A contestant on Strictly Come Dancing saw her timing compared to the punctuality of Southern train services during the weekend’s semi-final show.
On their way to being eliminated singer Mollie King and dance partner AJ Pritchard performed the samba to Shakira’s ‘Whenever, Wherever’, but received a score of 24 out of a possible 40.
Craig Revel Horwood described how the ‘palm trees had more bounce in them’, while Darcey Bussell suggested Mollie was ‘chasing the music’.
But the harshest criticism came from Bruno Tonioli who said: “Well darling tonight I think you missed the flight to Brazil, that’s what happened.
“He was in Rio and you were still stuck at the airport.
“It’s all timing and Southern rail has better timing than you tonight.
“It’s a very rhythmical dance you have to be on that beat. You can never chase it and you can never be ahead of it.”
Reacting to the jibe on Twitter, one user called it the ‘insult of the series’, while another said it was ‘overly harsh’.
Another viewer added: “Even Bruno on Strictly is making Southern Rail jokes! Would be more funny if I didn’t have to actually use their trains though.”
The Southern account later tweeted: “I think Bruno should think about the guy behind the Twitter account before he hands out niche disses like that. Tweet volumes are going up.”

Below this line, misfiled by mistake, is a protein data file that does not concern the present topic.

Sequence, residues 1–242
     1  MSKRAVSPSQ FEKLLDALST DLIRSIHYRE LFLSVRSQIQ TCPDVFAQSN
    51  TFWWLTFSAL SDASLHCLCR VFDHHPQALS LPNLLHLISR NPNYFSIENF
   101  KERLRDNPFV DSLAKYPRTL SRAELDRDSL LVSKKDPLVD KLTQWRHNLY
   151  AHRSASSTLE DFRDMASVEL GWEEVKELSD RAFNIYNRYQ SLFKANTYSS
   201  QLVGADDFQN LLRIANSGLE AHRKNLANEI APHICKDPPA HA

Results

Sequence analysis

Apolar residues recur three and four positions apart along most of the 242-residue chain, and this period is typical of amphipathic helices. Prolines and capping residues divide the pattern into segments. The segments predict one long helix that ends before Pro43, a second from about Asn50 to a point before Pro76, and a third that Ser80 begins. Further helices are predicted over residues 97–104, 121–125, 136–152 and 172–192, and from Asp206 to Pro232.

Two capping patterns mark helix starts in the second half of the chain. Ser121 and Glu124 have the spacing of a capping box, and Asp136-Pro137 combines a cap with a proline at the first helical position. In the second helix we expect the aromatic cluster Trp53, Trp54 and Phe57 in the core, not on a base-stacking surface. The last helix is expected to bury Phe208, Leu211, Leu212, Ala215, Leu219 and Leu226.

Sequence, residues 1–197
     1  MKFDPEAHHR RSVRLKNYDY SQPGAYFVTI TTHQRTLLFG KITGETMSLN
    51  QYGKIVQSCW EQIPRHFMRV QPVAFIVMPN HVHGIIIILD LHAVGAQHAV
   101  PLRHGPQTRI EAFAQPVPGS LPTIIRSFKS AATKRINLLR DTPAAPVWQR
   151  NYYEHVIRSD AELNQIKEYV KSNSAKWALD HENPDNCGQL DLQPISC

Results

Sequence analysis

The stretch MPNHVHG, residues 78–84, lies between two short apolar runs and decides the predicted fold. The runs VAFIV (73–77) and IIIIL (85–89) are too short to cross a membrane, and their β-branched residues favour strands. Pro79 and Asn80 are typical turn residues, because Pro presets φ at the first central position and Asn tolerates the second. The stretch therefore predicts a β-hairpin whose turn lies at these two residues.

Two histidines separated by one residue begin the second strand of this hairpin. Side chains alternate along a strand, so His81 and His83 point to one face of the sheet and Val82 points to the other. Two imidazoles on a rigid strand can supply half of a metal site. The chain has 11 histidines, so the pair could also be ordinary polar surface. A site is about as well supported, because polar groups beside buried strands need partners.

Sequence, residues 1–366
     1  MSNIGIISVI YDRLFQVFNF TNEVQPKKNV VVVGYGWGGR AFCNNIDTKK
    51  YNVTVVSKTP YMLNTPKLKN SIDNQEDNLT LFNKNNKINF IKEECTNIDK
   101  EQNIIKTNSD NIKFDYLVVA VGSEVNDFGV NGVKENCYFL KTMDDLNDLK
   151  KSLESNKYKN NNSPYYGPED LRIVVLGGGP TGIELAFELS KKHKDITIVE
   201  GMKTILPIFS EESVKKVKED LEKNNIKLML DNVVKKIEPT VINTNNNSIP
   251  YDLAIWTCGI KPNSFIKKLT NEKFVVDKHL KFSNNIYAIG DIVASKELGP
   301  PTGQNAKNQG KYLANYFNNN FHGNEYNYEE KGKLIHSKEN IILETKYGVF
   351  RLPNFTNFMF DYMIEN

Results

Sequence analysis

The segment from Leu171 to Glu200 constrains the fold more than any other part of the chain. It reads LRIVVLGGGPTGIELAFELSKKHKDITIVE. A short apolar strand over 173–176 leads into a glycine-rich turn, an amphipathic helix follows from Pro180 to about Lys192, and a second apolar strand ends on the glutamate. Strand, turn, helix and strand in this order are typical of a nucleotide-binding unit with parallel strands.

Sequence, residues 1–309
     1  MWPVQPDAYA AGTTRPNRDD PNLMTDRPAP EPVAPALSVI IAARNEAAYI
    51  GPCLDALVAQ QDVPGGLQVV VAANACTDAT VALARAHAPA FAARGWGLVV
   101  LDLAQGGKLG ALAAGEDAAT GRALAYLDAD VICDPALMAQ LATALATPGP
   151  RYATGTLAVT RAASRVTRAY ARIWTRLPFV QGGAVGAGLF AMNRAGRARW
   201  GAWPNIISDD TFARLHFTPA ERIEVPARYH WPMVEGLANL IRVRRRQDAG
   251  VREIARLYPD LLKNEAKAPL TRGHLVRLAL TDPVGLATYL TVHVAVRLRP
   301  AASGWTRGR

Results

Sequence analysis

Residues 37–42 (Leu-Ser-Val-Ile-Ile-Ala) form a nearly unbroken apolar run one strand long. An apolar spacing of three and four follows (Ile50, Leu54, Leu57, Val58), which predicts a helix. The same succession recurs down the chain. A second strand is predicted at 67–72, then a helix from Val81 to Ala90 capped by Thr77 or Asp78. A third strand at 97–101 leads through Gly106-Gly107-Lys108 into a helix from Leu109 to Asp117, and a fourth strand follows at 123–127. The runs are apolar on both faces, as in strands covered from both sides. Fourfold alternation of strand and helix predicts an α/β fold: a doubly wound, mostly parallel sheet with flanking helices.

Passengers using Southern services, which are run by Govia Thameslink Railway, have suffered repeated delays and cancellations from late 2015 through to 2017.
This was due to a combination of Network Rail infrastructure problems, management issues, staffing shortages, and industrial action.
The rail operator has been locked in a dispute with the RMT union over the further extension of driver-only operation since April 2016, with staff holding a number of strikes since then over safety and access concerns.
Train drivers’ union ASLEF also joined the dispute, but has since agreed to a deal with GTR.
Performance has improved since this time last year, where just 61.8 per cent of services reached their destination within five minutes of the scheduled arrival time.
Seven months later this had reached 85.7 per cent, but since then performance has slipped, with just 71.9 per cent of Southern trains achieving the public performance measure between mid October and mid November.
Over the same period just 39.5 per cent of services arrived at their destination on time.